Extrusion: Start Up and Shut Down Properly
A key goal during startup and shutdown of the extruder is to prevent degradation of the polymer left in the extruder and downstream components such as screen changers, adapters, and dies. Unfortunately, there is no universal startup/shutdown procedure, as there are many different mechanisms of degradation. Some polymers degrade so quickly from heat that they cannot be left in the extruder for even a few minutes. Chlorine-containing polymers such as PVC and chlorinated polyethylene, for instance, must be fully purged before shutdown or they will break down quickly to form carbon and dangerous, corrosive chlorine gas.
For many common polymers, a careful startup and shutdown procedure will result in reduced purging and considerable material savings. Polyolefins (PE, PP, PB) and styrenics (PS, ABS, SAN), which make up a large percentage of the extruded polymers, contain high percentages of carbon and no oxygen. As a result, they are relatively stable at elevated temperature, provided there is no oxygen in the environment. With these materials, I generally recommend leaving the barrel full and shutting off all the heats as soon as production is stopped, and starting up with an intermediate setting of 200 to 250 F. Once the intermediate setting is reached, set the temperatures at normal operating settings and start up as soon as all zones have reached their setpoint.
Nitrogen-containing polymers such as nylons and urethanes are often purged with a polyolefin, which can be left in the extruder using the previously mentioned procedure. However, with close control of the heat-up time, nylons and TPUs also can be left in the extruder with minimal degradation. Polyesters, PC, and PMMA are polymers containing oxygen, so they must be entirely removed from the extruder and downstream components in order to prevent chain breakage and oxidation. They must be purged with a stable polymer such as a polyolefin if the extruder is going to be out of service for more than an hour.
Like so many aspects of polymer processing, there is no set rule. A lot of processors empty the extruder on shutdown for olefins, styrenics, and nitrogen-containing polymers. I have found this approach can actually result in more purging at startup because it allows oxygen to fill the screw and barrel and accelerate degradation of residual polymer.
I suggest trying the full-barrel procedure for these resins, but avoid raising the barrel temperature to operating settings until it is certain you can start up. If you use polymers that require daily purging, you should use one of the many purging compounds on the market suitable for that polymer, or use a polymer that is itself very thermally stable (like a polyolefin). Although stiffer (higher-viscosity) polymers or purge compounds make the best purging materials, their stiffness works against you when you try to push the purge out with the regular polymer. For the best overall efficiency in purging, I find the viscosities of the purging compound and material to be purged should be similar. To save money, processors often buy purging materials that are recycled polymers with no specified viscosity. This can actually increase your cost by increasing the purging time for the regular polymer or for the purging compound.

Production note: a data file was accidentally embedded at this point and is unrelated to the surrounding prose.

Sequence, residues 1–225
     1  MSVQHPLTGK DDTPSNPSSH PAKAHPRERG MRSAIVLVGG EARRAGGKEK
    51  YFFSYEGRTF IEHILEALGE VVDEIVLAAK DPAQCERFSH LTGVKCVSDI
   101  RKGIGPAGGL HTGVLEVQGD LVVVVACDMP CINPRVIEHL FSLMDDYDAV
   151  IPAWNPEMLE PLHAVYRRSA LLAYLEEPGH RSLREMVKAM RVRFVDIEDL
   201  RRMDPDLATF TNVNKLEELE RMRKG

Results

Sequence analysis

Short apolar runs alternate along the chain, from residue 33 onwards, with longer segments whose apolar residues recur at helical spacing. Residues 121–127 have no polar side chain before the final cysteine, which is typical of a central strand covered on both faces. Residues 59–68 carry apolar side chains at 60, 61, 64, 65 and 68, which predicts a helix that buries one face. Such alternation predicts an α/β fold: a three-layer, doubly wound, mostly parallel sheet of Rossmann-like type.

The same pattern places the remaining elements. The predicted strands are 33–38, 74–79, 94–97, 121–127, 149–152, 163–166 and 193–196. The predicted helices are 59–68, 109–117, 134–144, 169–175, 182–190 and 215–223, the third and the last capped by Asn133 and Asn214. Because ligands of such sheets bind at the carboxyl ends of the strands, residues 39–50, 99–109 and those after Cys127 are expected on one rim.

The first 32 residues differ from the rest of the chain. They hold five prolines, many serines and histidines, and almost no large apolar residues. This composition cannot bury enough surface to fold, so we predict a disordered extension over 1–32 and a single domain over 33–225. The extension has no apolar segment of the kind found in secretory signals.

When purging, it is necessary to run the extruder as near to full capacity as possible. Many people purge at very low outputs. This reduces the shear stress near the metal surfaces in the entire system and thereby reduces the very forces that are needed to clean the metal surfaces in the extruder and downstream equipment. In the downstream components, low flow rates do not develop a velocity profile that maximizes the shear stress near the walls of the device. As a result, the low-output purge may clean the screw fairly well but leaves material on the walls of all the downstream components that will show up in the extrudate as soon as the system approaches production outputs. So purging should be done near the production output rate for the best result and the most economical use of both the purging compound and regular polymer.
Since all polymers and purge compounds increase in viscosity with decreasing temperature, it is advisable to lower the barrel temperatures somewhat when purging to increase the viscosity of the material. However the temperature of the downstream components should be maintained so that the more viscous extrudate can clean the walls better.
Each of these suggestions is only a minor component of improved purging, but added together they can make a significant difference. Since each extrusion line is a little different you will have to develop the best procedure by some trial and error, noting the time and amount of purge material used in each trial. Once you get the best result, stick to it.
ABOUT THE AUTHOR
Jim Frankland is a mechanical engineer who has been involved in all types of extrusion processing for more than 40 years. He is now president of Frankland Plastics Consulting, LLC. Contact email@example.com or (724) 651-9196.
A lot of things must be in place to achieve what I like to call efficient extrusion.
A troubleshooting timeline is essential to help you quickly identify problems and their causes. Here we'll describe such a timeline and how to use it to solve one common problem—melt fracture in tube and profile extrusion.
All things being equal, PET will outperform PBT mechanically and thermally. But the processor must dry the material properly and must understand the importance of mold temperature in achieving a degree of crystallinity that allows the natural advantages of the polymer to be realized.